Part of the Bloomsbury Group, Vanessa Bell was a domineering creative force in London in the early 20th century. Not as well remembered and loved as her sister, the writer Virginia Woolf, Bell’s career as a painter, feisty amateur photographer, and interior designer is celebrated in the latest exhibition at the Dulwich Picture Gallery, a small by London standards but perfectly formed museum. Boasting an enviable permanent collection including several Rembrandt and Murillo, the DPG recently has been featuring a few quirky and interesting exhibitions centred on less known artists including Canadian Emily Carr and Norwegian Nikolai Astrup. Both previous exhibitions were strongly centred on nature as the most powerful source of inspiration, strong in colours and emotions, wild, primordial.

Vanessa Bell’s exhibition was equally as quirky and unpredictable. From room to room we discover different sides of an artist, a free thinker, a matriarch, ranging from the sober covers for Virginia Woolf’s self-published books to wildly abstract designs for carpets and furnishings, with colours joyfully clashing in your face, much to the disapproval of her sister. The most intimate paintings are the ones depicting her loved ones, including her sister Virginia appearing in many enigmatic ways.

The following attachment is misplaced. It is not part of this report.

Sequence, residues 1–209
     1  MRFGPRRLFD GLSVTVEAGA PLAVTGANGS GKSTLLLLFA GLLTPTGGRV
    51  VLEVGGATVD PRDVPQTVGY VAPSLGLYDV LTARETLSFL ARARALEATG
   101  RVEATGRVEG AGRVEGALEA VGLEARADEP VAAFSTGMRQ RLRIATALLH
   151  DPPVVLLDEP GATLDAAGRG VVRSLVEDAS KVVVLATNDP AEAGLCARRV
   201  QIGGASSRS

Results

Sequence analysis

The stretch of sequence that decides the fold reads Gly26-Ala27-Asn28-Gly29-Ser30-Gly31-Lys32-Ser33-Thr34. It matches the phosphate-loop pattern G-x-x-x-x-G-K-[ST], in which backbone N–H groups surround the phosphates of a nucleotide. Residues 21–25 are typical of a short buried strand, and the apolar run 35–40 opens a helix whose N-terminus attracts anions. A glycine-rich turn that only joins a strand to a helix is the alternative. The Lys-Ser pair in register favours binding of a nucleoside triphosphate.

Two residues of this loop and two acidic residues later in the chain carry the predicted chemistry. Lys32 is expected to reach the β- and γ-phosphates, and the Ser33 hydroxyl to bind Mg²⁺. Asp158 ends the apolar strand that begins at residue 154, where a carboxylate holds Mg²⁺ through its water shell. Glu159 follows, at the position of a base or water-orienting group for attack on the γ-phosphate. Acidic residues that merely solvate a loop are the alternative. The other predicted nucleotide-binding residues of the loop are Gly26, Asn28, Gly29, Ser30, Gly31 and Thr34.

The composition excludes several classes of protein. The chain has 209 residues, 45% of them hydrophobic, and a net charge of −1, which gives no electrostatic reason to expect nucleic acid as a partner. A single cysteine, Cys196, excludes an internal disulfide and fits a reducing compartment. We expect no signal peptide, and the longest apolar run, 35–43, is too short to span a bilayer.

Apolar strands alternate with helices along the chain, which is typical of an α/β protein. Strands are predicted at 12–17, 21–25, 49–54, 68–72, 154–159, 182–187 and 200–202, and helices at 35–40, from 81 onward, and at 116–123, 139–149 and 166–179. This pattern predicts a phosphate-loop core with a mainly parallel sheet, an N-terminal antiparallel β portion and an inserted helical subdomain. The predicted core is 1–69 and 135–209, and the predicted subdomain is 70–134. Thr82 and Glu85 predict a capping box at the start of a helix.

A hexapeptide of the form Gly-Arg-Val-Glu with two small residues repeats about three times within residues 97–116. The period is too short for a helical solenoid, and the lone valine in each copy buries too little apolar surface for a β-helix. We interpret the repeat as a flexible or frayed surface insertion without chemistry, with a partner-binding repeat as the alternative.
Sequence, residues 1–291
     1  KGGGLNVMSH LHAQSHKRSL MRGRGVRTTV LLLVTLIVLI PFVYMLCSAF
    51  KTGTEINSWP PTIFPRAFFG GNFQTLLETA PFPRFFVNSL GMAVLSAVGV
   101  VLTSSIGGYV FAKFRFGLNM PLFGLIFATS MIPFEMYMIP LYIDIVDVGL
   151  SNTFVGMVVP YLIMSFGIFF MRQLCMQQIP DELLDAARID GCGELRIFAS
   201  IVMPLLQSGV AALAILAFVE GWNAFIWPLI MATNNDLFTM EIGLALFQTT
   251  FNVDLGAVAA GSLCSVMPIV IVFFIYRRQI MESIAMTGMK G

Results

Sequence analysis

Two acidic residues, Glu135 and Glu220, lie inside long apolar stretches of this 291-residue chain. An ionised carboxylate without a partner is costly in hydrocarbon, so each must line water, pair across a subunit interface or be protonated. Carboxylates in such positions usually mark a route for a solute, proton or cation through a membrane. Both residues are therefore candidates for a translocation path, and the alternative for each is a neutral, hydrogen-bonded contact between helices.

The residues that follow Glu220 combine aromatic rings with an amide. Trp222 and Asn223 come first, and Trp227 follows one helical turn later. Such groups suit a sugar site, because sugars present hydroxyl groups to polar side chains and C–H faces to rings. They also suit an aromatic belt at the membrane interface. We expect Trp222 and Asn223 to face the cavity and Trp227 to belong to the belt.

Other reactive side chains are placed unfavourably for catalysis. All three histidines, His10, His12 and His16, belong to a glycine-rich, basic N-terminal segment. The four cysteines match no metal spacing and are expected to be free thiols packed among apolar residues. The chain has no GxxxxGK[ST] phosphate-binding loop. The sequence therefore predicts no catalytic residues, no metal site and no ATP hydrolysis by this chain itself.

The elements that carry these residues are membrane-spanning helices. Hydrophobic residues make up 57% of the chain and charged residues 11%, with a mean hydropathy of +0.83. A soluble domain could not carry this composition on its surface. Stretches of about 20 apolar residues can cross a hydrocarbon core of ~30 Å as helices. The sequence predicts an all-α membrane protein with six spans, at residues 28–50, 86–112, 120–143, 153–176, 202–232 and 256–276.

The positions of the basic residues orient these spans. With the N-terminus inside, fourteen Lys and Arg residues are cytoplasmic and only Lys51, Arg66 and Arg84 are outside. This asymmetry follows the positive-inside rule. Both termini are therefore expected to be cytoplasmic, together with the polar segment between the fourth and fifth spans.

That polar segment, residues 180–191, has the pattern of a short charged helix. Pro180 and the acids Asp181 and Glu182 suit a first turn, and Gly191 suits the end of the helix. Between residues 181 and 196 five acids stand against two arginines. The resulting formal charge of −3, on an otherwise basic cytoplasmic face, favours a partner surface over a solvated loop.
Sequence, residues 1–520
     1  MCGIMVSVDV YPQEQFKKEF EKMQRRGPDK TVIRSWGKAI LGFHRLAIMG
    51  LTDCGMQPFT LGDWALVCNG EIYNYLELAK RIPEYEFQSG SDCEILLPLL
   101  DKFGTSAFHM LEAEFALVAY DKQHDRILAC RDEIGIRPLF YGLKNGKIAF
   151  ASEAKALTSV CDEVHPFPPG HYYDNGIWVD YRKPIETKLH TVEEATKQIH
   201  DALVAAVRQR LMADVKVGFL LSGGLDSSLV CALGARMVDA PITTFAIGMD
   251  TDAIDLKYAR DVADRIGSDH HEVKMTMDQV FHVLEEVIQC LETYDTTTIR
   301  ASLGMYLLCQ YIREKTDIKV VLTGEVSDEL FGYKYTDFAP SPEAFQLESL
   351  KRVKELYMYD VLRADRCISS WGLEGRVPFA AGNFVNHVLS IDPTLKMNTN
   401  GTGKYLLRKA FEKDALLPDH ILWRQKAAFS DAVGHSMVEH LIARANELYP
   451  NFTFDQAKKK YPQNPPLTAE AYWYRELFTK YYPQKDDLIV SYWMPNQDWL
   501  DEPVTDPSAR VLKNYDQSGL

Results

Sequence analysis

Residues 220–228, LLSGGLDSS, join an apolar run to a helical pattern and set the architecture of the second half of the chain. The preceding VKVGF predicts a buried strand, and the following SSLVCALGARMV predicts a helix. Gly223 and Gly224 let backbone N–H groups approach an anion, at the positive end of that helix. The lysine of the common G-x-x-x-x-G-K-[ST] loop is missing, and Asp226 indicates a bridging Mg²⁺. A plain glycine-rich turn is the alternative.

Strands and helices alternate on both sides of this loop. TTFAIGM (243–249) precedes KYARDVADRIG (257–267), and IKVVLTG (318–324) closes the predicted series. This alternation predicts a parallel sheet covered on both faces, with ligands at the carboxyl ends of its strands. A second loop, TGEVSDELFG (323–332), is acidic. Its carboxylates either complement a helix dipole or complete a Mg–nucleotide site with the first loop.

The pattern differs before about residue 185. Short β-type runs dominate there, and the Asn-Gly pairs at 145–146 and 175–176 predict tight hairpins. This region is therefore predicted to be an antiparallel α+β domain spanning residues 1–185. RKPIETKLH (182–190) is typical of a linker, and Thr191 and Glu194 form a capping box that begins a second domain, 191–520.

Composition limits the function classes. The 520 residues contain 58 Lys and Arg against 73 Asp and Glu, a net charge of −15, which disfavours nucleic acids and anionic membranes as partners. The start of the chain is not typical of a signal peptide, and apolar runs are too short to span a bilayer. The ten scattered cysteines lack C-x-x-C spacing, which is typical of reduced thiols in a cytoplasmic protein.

Not to be missed a small black and white photographic exhibition featured in an adjacent room, comparing Vanessa Bell’s intimate photos of her loved ones to a series of Polaroid pictures taken by Patti Smith. The Polaroids are tiny renditions of Smith’s pilgrimage to many memorable places: the place of rest of the poets and artists that have inspired her lifelong work including Vanessa Bell and Virginia Woolf, their places of residence, their beds, their desks, their humanity and frailty made poignantly vivid from the perspective of the admiring beholder.

11 February 2017: Vanessa Bell, 1879-1961, Dulwich Picture Gallery

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